3. Fast post so please check my info: Some Rem. model 1907 rifles were converted to Thompson look-alikes as shown at and some of these were converted to full auto/selective fire models. A conversion is for sale at–winchester-m1907–351cal-20-s–gangster–thompson-style-rifle-w–period-case
    The French ordered two Thompsons in .351 as were reportedly advertised in literature from Auto-Ordinance and one was delivered and tested as shown at I know do not know of any that were ever actually delivered in .351 for anything except testing but might be wrong.

  4. Just a funny story about Thompson SMGs in general: our Mother took us to Washington D.C. on two Spring breaks so we could see how the gubbermint works. Back then at Hoovers F.B.I. headquarters, they had an agent fire off a Thompson, and hand out the still hot cartridges as trinkets. I always figured that whatever the FBI wanted, they got. A milled receiver will always be more expensive than a tube with a couple of welds like a STEN.

    • “milled receiver”
      Keep in mind that Thompson was designed near end of WW1, and STEN at beginning of WW2 as a stop-gap weapon, this is about 20 year of difference. In 1920s-1930s no-one think about adopting weapon manufactured with other technique that milling, just look at some interbellum sub-machine guns:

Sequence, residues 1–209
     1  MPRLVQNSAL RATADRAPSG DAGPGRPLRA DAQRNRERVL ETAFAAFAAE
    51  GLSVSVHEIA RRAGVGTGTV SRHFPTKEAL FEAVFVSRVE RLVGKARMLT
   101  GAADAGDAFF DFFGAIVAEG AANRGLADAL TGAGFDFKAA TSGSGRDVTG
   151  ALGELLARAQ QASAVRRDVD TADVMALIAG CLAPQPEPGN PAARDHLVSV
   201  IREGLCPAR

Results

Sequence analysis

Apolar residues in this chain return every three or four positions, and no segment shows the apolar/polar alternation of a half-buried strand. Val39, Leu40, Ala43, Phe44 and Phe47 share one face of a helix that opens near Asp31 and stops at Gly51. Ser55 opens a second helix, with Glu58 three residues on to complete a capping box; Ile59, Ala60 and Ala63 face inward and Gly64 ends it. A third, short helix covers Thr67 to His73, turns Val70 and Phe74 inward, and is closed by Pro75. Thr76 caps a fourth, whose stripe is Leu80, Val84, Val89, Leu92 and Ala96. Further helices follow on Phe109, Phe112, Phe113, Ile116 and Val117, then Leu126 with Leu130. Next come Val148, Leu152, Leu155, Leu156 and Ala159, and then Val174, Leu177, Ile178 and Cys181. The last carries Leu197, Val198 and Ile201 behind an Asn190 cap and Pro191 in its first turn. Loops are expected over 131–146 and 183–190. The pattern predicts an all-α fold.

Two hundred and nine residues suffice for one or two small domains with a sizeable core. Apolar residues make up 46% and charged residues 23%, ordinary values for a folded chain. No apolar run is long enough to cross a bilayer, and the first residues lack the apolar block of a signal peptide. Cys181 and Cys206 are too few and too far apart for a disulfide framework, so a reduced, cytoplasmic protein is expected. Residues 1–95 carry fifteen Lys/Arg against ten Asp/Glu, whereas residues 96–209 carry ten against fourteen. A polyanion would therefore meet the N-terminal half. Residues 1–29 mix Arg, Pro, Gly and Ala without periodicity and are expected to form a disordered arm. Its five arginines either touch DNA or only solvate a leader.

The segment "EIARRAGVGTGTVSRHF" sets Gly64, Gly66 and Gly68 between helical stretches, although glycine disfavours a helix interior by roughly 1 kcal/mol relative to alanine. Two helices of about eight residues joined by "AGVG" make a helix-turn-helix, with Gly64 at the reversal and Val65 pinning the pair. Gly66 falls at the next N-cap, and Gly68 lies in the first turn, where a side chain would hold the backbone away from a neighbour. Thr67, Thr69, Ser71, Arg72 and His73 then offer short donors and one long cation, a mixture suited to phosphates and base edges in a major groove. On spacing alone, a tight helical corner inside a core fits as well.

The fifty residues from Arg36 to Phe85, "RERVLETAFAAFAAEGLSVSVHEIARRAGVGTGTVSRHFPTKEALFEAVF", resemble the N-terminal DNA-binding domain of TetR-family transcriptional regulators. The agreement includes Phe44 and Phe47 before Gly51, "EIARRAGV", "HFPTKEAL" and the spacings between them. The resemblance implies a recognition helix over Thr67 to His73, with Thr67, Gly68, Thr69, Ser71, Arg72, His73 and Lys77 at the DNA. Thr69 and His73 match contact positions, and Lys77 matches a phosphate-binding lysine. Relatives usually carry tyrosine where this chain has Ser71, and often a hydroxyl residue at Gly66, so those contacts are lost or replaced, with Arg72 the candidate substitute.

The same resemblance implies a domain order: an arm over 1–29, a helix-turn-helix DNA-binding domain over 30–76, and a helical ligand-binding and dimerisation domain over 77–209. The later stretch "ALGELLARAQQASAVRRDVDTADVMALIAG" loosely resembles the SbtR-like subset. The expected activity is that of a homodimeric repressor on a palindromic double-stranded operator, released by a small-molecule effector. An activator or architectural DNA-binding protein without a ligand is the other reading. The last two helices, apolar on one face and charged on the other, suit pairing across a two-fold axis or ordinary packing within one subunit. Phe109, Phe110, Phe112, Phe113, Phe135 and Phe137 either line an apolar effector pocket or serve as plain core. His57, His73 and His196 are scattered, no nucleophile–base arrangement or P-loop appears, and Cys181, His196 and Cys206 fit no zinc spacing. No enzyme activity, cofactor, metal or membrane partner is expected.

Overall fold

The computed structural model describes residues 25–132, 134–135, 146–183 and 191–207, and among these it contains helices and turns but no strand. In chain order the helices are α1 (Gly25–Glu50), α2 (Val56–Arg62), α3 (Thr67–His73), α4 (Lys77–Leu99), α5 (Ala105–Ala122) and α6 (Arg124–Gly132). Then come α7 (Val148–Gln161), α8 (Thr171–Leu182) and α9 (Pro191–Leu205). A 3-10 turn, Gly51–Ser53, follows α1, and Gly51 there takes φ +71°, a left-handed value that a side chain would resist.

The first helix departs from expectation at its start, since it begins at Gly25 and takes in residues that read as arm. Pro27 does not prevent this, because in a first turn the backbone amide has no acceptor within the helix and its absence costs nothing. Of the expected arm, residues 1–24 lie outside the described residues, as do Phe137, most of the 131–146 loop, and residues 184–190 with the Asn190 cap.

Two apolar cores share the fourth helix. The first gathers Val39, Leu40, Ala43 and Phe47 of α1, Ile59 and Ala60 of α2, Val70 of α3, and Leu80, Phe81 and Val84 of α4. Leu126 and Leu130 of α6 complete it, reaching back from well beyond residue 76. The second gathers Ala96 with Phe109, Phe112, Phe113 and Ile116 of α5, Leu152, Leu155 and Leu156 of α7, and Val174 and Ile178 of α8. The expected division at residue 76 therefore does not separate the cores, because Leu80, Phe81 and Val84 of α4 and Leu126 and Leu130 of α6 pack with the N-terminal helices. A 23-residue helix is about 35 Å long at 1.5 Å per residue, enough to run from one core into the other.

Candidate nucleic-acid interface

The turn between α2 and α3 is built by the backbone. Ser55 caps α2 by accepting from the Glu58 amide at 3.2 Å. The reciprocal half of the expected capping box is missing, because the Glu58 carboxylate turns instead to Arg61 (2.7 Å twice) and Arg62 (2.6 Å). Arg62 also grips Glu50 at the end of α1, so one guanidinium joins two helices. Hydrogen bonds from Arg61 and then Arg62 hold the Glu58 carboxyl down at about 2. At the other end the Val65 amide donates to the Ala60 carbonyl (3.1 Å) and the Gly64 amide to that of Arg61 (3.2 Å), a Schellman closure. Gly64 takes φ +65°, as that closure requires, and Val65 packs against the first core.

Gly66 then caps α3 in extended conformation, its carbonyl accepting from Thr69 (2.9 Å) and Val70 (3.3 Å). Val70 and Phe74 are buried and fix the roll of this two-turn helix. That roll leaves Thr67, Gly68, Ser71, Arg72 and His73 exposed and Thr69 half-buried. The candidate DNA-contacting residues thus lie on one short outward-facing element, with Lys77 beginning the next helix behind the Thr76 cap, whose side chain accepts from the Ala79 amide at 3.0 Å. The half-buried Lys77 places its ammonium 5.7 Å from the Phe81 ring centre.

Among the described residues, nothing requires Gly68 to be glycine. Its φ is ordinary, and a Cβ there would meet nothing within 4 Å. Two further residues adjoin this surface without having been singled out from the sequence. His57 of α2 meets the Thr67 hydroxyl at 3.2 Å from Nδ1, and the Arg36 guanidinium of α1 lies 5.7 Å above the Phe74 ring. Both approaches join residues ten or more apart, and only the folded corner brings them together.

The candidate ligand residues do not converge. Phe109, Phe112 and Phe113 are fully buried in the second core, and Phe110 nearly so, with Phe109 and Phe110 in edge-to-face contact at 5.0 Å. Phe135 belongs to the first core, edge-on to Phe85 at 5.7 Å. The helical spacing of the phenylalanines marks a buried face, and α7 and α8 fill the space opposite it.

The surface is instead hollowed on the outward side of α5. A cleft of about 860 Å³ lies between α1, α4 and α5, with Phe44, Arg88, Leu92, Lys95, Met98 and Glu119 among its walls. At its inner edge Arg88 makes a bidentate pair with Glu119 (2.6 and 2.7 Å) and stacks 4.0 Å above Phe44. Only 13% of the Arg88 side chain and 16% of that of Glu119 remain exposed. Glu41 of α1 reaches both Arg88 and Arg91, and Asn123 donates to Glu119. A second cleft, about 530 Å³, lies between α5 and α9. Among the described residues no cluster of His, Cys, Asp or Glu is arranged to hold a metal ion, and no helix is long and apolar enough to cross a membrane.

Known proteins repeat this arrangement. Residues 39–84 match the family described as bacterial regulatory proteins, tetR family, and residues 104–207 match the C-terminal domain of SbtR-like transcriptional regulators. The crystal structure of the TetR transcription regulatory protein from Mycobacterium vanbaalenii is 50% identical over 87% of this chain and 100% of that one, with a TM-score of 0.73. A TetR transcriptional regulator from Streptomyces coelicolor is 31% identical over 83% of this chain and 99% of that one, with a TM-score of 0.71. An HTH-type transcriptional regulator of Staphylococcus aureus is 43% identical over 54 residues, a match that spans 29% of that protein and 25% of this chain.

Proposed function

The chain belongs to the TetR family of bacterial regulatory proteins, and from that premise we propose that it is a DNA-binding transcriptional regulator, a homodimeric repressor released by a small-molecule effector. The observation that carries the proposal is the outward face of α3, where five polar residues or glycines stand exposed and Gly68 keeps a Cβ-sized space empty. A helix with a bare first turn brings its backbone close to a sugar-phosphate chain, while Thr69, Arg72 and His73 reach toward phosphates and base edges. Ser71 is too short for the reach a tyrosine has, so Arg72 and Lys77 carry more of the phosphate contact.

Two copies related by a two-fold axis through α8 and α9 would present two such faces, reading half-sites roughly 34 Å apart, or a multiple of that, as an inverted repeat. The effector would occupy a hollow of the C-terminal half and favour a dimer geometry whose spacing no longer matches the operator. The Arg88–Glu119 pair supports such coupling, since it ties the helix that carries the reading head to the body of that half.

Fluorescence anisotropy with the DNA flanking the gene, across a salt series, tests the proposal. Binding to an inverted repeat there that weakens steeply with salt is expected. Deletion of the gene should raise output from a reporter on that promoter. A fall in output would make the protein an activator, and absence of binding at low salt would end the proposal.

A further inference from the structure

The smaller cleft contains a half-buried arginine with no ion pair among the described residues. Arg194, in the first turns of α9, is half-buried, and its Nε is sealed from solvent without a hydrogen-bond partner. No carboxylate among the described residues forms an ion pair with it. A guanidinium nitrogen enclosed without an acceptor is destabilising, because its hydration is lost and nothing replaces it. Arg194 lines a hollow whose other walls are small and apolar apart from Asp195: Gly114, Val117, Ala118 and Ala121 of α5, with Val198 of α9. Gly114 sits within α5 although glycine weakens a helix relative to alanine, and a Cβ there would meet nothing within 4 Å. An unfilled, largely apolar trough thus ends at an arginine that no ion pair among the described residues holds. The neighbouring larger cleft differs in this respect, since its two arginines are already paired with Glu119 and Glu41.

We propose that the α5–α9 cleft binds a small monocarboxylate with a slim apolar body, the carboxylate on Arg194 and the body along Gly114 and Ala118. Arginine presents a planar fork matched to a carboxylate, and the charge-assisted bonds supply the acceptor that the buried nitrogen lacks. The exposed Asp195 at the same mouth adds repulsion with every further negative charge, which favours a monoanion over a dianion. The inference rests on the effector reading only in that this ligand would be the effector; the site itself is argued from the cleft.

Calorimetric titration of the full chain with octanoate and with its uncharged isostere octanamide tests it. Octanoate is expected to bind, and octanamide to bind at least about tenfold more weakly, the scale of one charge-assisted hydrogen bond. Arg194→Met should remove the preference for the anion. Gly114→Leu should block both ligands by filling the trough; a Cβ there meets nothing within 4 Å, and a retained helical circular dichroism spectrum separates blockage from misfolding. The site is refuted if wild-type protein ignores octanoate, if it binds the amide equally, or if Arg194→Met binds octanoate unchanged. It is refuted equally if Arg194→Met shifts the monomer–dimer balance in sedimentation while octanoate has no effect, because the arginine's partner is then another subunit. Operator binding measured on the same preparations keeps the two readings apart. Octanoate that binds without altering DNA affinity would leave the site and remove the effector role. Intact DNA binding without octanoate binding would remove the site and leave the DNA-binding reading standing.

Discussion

Steyr – Solothurn S1-100
      BMP-32 (Bergmann MP32)
      Star RU-35

    • “I always figured that whatever the FBI wanted, they got”
      Since depression era yes, but if I am not mistaken FBI started rather as data gathering agency.

      • Up to 1933 Bureau of Investigation “agents” had no arrest powers and were not authorized to carry weapons.

        The then director, Gaston B. Means, was a political wheeler-dealer who mainly used the BI as a way of gathering blackmail information to sell to the highest bidder. (See the Sherlock Holmes story, “Charles Augustus Milverton” for a fictional forerunner of Means’ MO.) He had been in that post since the Wilson administration and was part and parcel of the “Palmer raids” in that period.

        When FDR came into office, the first thing he did was to fire Means and hire J. Edgar Hoover. The first thing Hoover did was fire most of the Bureau’s field agents (and all of Means’ cronies) and begin recruiting and training a new crop. (This was when a law degree or equivalent became a requirement for the FBI Academy.)

        After that, Hoover got clearance from FDR to train and arm his agents.



        • Good riddance to Means. I think some of the victims would have liked nothing better than Means staked to the ground and shot to death by Thompson model 1928’s…